With the recent death of Elizabeth Taylor, Kim Catrall playing the title role in Shakespeare’s great tragedy at the Liverpool Playhouse and Angelina Jolie cast in a new feature film, public attention is again fixed upon one of the most iconic historical figures of all time - Cleopatra, queen of Egypt.
Now it is the dance world’s turn to pay tribute to her powerful, sensual presence in a spectacular new work by Claude-Michel Schonberg, composer of Miss Saigon and Les Misérables, and Northern Ballet’s artistic director David Nixon, OBE.
Cleopatra is the company’s first new full-length ballet in over two years, and comes to Belfast's Grand Opera House from May 11, only a matter of weeks after its world premiere in Northern Ballet's home city of Leeds.
'Cleopatra is of the moment and who could have planned that?' reflects Ontario-born Nixon. 'She keeps coming round in cycles and her popularity is right up there again. She’s an epic figure, a woman who has endured as a legend for over 2000 years.'
The piece was nearing completion at the same time as massive political change was taking place in Egypt. That must have given Nixon and the creative team some pause for thought?
'It was very interesting,' he agrees. 'As they were protesting in Cairo, I was doing some of the scenes about the Egyptians reacting in Cleopatra’s time. People are looking to the Middle East right now and the whole region is taking a huge focus in the history of today. This has been very different from any other creation because you feel you’re really in the moment.'
This year, Nixon is celebrating the 10th anniversary of his arrival at Northern Ballet. A former principal dancer with National Ballet of Canada and Deutsche Oper Ballet in Berlin, he has notched up even further the company’s famous tradition of narrative dance.
'Our strength, our identity is that our dancers are all dance-actors,' he says. 'When they come to the stage, they always know why and where they are; they are intent on getting across the characterisations.
'I grew up with that training and was always a very strong actor as a dancer. The difference is that then it was probably more of an elective thing, whereas now we do the workshops, the improvisations, the text reading... whatever we need to do to support the fact that the dancers have to inhabit characters. It’s a much more thought-out process.'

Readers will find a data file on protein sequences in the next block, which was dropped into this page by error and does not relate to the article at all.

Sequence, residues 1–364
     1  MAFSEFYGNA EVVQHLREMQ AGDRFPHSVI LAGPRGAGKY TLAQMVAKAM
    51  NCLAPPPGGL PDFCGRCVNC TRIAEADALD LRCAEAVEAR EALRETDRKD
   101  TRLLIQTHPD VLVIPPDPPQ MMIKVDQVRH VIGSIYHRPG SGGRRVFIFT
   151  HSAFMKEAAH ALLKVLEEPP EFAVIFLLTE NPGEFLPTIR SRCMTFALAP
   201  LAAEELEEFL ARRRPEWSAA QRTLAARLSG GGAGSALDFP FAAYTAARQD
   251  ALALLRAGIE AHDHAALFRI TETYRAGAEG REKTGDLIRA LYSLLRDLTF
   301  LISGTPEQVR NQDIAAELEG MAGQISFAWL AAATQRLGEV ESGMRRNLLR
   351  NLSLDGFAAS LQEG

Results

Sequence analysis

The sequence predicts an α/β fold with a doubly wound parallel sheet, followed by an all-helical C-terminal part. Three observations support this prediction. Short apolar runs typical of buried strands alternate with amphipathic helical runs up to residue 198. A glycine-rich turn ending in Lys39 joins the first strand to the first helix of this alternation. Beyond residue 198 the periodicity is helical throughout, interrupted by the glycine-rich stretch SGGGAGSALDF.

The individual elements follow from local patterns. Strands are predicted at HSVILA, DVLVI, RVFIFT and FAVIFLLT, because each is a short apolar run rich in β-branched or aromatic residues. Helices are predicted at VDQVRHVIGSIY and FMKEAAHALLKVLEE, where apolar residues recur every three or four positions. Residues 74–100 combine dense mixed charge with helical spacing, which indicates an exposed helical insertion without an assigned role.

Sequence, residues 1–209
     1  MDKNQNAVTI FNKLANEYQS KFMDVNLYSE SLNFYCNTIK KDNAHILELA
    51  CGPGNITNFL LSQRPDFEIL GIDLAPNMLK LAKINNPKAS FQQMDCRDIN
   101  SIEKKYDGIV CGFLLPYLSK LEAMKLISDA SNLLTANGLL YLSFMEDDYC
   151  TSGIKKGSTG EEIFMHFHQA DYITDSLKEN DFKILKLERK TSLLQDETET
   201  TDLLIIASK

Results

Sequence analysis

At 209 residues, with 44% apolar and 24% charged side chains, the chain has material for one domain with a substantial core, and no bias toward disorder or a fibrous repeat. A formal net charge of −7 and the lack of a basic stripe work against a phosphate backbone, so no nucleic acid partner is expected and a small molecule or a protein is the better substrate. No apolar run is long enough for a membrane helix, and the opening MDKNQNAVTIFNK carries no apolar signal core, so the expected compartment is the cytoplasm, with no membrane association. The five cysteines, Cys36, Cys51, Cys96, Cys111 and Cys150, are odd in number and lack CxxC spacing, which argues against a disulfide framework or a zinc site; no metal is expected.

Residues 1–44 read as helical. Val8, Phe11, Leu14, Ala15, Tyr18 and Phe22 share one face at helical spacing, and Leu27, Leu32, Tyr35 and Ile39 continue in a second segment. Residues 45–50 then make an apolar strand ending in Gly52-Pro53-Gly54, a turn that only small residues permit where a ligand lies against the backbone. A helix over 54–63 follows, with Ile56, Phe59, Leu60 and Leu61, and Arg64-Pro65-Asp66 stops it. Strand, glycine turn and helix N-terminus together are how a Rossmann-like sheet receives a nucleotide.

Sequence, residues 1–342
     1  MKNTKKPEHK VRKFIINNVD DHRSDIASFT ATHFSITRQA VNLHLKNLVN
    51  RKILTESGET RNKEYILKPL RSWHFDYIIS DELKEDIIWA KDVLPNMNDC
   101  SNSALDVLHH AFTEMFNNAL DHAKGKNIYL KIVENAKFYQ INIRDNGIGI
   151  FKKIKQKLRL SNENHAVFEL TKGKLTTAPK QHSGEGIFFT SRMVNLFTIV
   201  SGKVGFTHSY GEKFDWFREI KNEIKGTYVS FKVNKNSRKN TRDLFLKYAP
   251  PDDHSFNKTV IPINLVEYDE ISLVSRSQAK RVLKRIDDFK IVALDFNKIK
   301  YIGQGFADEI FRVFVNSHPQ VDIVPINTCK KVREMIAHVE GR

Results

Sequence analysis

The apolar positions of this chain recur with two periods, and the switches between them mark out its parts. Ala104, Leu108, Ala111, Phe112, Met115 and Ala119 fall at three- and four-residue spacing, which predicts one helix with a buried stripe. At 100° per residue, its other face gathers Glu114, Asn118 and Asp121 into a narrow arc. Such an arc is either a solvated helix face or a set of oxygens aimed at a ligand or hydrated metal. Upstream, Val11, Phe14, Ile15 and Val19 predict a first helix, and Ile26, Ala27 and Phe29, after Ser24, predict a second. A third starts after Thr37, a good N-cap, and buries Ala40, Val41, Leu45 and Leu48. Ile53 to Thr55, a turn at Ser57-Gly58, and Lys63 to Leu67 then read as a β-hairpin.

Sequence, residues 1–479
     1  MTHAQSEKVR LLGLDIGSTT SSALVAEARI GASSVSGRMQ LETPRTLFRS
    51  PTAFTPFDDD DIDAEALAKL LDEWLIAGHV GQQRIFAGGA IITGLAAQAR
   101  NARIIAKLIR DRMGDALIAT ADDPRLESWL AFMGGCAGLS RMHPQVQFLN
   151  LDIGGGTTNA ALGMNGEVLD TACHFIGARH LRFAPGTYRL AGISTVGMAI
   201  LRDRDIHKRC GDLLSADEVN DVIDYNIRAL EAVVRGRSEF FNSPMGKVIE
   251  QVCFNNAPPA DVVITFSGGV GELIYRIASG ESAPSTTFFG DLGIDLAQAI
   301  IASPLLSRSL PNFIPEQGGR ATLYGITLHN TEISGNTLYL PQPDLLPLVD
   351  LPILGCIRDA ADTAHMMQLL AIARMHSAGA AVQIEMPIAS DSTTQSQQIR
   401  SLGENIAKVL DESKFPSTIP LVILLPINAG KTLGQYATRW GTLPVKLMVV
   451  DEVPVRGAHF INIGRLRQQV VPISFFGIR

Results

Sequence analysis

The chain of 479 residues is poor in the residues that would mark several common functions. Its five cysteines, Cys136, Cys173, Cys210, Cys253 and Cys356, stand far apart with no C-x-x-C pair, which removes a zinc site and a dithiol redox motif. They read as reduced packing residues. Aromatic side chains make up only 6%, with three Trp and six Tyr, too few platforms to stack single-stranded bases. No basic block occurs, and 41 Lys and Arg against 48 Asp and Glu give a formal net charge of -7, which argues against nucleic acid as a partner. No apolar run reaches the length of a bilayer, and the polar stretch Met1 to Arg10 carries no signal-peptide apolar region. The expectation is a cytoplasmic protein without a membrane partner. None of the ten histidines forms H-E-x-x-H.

The company has been touring to Belfast for many years and has built up a solid base of admirers of its high-quality performance and presentation style. Looking back over Northern Ballet's extensive canon of work, a pattern emerges of exciting new dance interpretations of literary and operatic texts such as Carmen, Wuthering Heights, Dracula, Madame Butterfly, The Three Musketeers and Hamlet.
This approach has been crucial to Northern Ballet's philosophy of making dance accessible to a wide audience and generating new audiences for ballet. But Nixon cautions against coming to a performance with pre-conceived notions.
'Stories are something that people love, but sometimes with a very well-known story, they come with such an expectation of what they think it should be that they are often not open enough to see what’s actually put before them,' he argues.
'With Cleopatra, there is not really any scenario out there that people think they should be following, so as a choreographer you can relax and the audience can just watch what’s been given to them.'
In this case, Nixon and composer Schonberg started with the rare privilege of an iconic central figure and a fairly clean textual slate. 'We had been mulling over the idea for a couple of years,' Nixon recalls. 'After the second revival of Wuthering Heights, Claude-Michel went away and started to write some music. He always has to write to a scenario. He just needs to get a setting, a feel for colours and sounds.
'What I love about that is that Patricia [Doyle, co-director] and I can come in at a slightly later point and put a more concrete story onto it. We faced a little battle between history and what we wanted to do theatrically. There are different opinions about who this woman really was. Nobody knows her or what she was like. Was she really in love with Mark Antony and Caesar?'
Nixon reflects that both the challenge and the joy of their task lay in recreating a real-life character, who embodied both the romantic and the political on a grand scale and who had passionate relationships with two colossal figures of the time.
'There are the love themes, but then you get this chaos, which keeps happening as she disrupts things politically. These people are epic. We have no idea of the kind of lives they led. They are just so much larger than life.'
The storyline puts Cleopatra at the very heart of the action, beginning with the moment when she conjures up the Snake God to lead her into death. In that instant, she sees her own past in sharp relief and the action rewinds her extraordinary life as a lover, a political operator, a queen, a woman in despair.
'We are about trying to make ballet accessible, but with a high quality product that people can engage with and not be afraid of,' says Nixon. 'What I’ve been really thrilled about with Cleopatra is that the look of the production seems to appeal very much to young people and yet doesn’t make older people uncomfortable.
'You’re always walking that fine line between your core audience, who may have one idea of things may be, and a younger audience, which has another aesthetic. So how do you encourage one to be there and be comfortable but not alienate your other audience?
'This piece does it. I see in the audiences a lot of younger men in their early 20s, out with their dates. It seems like a cool thing to do.' So, a whole new genre then: date ballet? 'Yeah, I guess.'
Cleopatra runs at the Grand Opera House from May 11-14.